Developmental Disorders of the Foot and Ankle

  • Frederic Shapiro


Embryological differentiation of the foot is noticeable by the fifth intrauterine week. By the end of the fifth week, condensation of the mesenchymal tissue has resulted in the formation of tarsal bone anlage (earliest developmental models). Tissue differentiation to precartilage and cartilage follows and all skeletal elements of the foot have begun to chondrify by 7 weeks with the exception of the distal phalanx of the little toe. By the end of the second month, the outline of each bone is becoming distinct [1–3]. Homogenous interzones develop at the ankle and between all tarsal, tarsal-metatarsal, metatarsal-phalangeal, and interphalangeal joints with the three-layered interzone developing earliest at the ankle and metatarsal-phalangeal joints at the end of the embryonic period (8 weeks). Cavitation with vascularized synovial tissue is seen in most joints of the foot at 9–11 weeks (early fetal period). A proximodistal sequence of development unfolds. By the end of the embryonic period (8 weeks), the foot resembles that of the adult in most details. All elements of the foot destined to become bone have begun to chondrify (except the distal phalanx of the little toe) by 7 weeks of embryonic life. Anomalies of the skeletal elements (such as tarsal coalition) form very early. The articular surfaces of the ankle joint and of the other joints of the foot reach a high degree of differentiation before the resorption phase of the interzone begins around 8 weeks of age. Hesser noted that the articular surfaces of the ankle joint reach a high degree of differentiation even before joint cavitation is complete [4]. The talonavicular and calcaneocuboid joints also reach close to their final shapes very early. Straus also stated that the joints of the foot are laid down in their definitive form by the ninth intrauterine week [5]. Cavitation of the interzone to form the synovial joints begins first at the ankle and progresses distally, forming last in the interphalangeal joints. O’Rahilly et al. further reviewed the skeletal development of the foot [6]. The prenatal development of the human foot has been well studied and described by Gardner et al. who reviewed the extensive developmental literature as well as assessing 184 human embryos and fetuses.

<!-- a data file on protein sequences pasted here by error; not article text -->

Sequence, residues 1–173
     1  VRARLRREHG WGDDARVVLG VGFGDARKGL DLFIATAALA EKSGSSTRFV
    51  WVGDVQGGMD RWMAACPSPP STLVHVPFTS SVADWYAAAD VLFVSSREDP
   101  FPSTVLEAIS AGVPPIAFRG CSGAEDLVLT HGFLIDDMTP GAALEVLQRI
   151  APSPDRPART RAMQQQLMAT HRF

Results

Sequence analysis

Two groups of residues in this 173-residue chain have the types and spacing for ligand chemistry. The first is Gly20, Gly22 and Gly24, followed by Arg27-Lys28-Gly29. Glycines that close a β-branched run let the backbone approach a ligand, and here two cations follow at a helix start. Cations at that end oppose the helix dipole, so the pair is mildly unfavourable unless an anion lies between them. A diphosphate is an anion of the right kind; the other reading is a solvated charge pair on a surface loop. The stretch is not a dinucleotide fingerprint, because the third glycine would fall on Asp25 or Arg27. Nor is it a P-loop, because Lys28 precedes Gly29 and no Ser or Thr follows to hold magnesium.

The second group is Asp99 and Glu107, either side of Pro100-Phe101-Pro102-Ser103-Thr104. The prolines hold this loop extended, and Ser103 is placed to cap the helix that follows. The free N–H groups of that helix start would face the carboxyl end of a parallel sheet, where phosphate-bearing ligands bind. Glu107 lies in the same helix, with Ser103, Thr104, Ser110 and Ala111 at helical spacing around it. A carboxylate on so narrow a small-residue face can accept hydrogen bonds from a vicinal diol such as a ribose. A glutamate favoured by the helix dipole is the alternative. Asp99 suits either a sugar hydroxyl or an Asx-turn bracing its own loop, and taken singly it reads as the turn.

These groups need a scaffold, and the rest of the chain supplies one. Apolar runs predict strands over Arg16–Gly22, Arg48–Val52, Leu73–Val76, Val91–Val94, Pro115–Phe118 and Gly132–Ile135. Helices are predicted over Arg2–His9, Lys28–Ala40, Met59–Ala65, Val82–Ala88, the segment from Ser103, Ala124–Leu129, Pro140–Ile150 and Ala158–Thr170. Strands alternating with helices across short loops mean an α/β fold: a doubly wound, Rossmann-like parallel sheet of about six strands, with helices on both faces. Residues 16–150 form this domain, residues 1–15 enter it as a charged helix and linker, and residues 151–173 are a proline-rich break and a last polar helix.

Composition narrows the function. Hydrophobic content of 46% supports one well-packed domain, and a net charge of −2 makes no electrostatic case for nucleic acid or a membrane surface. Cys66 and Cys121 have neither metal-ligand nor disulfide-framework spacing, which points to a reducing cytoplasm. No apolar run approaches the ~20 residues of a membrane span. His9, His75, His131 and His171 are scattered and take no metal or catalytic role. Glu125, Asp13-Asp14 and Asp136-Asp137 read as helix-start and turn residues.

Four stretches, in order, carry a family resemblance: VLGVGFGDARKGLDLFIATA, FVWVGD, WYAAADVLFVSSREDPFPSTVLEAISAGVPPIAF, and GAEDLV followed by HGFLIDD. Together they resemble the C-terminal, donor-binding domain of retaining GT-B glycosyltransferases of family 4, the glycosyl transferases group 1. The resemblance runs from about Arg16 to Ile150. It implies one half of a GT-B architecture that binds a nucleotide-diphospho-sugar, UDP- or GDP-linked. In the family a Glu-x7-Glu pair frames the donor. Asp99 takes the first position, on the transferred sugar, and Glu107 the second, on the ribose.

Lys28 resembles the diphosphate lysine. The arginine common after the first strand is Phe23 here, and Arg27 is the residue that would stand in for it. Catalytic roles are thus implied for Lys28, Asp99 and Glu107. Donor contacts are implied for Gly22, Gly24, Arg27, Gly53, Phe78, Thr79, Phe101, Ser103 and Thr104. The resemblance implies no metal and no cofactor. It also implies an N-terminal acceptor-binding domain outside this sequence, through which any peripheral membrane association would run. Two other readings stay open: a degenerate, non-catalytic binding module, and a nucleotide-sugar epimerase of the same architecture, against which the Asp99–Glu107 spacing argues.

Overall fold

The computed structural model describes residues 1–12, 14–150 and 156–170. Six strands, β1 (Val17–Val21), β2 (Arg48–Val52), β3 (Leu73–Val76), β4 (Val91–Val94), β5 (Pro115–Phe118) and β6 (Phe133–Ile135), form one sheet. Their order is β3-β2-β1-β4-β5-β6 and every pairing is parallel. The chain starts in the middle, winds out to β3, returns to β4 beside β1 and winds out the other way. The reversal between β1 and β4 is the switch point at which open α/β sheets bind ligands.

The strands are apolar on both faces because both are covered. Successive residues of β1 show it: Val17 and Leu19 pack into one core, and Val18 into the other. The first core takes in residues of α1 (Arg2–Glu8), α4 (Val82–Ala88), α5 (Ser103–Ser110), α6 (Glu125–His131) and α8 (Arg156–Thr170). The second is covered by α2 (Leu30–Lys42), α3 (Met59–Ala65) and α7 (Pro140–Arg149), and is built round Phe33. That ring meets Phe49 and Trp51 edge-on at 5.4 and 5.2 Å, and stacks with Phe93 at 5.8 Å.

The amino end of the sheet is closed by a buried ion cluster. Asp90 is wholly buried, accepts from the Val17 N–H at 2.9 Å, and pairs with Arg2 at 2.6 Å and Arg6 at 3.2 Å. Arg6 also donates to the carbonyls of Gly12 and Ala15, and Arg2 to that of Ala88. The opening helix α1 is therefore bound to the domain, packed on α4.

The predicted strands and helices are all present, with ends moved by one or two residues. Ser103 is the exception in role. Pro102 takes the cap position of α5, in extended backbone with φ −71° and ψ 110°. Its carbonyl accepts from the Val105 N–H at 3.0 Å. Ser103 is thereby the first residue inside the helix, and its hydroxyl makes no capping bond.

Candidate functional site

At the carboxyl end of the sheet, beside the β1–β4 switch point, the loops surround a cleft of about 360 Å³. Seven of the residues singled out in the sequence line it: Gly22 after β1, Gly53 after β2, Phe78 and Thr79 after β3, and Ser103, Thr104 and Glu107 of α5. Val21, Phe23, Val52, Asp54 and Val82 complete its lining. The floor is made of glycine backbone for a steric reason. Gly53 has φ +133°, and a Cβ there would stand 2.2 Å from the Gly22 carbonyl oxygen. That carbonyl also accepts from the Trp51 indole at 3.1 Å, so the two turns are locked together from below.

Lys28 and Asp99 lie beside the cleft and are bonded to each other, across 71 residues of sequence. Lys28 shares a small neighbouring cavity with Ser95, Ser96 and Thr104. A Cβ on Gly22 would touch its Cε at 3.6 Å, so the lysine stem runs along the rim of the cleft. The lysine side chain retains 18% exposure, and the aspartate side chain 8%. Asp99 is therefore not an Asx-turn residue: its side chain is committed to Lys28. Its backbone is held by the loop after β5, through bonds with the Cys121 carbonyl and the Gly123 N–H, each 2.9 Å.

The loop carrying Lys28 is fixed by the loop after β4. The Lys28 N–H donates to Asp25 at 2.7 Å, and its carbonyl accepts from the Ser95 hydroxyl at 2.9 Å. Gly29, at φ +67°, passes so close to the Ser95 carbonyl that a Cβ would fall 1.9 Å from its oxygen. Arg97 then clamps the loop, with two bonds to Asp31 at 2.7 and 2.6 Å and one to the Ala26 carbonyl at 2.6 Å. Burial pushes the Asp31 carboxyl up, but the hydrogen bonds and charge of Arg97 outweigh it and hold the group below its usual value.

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Copyright information

© Springer Nature Switzerland AG 2019

Authors and Affiliations

  • Frederic Shapiro
    • 1
    • 2
  1. 1.Visiting Scholar, Stanford University School of Medicine, Department of Medicine/Endocrinology (Bone Biology)Palo AltoUSA
  2. 2.Formerly, Associate Professor of Orthopaedic Surgery, Harvard Medical SchoolBoston Children’s HospitalBostonUSA

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